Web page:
Friday, November 30, 2018

Dehydrate Your Persimmons For Winter Storage

Dried persimmons make a great snack.

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Fuju Persimmons
We have two Fuju persimmon trees and this year both of them really produced. The thing I love about Fuju persimmons is that you can eat them firm, like an apple or pear. They aren't as good when they get too soft so when that happens, I dehydrate them. Dried persimmons make a wonderful snack.

You can see that we had way too many to eat.
And this is after  we gave lots of them away!
Dehydrating Persimmons
I like to peel mine but many people leave the skin on.
Place the peeled and sliced persimmons on the non-stick teflon dehydrator sheets. If you leave the skin on, you can just cut them horizontally in circles. I like mine peeled and cut into thin wedges as seen in the picture below.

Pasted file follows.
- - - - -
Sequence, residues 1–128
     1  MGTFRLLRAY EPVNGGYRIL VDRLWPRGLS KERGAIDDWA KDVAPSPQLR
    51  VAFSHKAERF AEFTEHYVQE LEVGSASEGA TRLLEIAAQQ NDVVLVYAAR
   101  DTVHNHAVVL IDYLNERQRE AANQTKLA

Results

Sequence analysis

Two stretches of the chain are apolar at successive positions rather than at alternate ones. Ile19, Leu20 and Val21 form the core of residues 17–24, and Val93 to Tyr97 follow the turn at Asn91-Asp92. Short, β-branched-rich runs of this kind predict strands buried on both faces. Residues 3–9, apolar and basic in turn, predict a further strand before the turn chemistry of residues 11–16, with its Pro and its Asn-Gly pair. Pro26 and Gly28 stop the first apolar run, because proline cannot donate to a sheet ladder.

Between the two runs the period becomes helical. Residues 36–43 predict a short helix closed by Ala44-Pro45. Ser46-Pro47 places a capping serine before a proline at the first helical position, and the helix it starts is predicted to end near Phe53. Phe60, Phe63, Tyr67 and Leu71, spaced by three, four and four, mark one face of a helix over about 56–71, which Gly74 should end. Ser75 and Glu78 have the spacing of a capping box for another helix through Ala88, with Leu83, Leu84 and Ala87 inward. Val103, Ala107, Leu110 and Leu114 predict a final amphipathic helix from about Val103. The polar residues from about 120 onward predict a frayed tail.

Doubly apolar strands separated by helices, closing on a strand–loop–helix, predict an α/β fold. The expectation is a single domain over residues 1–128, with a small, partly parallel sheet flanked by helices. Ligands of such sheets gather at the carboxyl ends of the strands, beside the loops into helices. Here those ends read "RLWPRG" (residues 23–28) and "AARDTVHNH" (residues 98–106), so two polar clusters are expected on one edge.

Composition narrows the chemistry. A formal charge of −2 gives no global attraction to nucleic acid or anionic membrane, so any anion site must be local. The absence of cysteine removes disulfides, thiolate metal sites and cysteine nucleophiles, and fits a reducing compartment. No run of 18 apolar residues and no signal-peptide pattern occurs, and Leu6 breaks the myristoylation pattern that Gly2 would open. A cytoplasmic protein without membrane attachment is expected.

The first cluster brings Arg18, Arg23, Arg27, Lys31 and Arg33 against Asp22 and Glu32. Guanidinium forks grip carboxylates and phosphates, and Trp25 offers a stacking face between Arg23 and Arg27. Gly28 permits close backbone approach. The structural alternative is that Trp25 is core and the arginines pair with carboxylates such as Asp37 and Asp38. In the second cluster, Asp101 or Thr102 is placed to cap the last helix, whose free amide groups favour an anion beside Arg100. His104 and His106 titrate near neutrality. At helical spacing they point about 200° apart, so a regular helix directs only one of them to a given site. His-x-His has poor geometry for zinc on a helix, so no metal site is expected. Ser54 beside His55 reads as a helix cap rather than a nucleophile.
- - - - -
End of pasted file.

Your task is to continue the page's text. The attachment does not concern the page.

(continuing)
Spread the persimmons on your dehydrator's teflon sheets on the trays. 
Place the trays in your dehydrator. 
We have a 5-tray Excalibur Dehydrator which we really like.

Dehydrating temperature will depend on what's important to you. If you want them to be "raw", and retain their living enzymes, you can dehydrate them at 115 degrees F. This will take 24 hours. You can cut the time if you raise the temperature to 125 or higher.

Dry at 115 to 125 until they are somewhat dry on top and start to pull up from the teflon sheets (about 10 hours). At that point, turn them over, remove the teflon sheets and place the persimmons directly on the mesh sheets. Dry another 10 to 12 hours until they are dry but still a bit pliable. 
Remove when dry but still a bit pliable.

Store in an airtight container.
Serve with an assortment of nuts when guests come. Or put this nut/fruit assortment in your kid's lunchbox or take to work as a midday snack!

A healthy snack.

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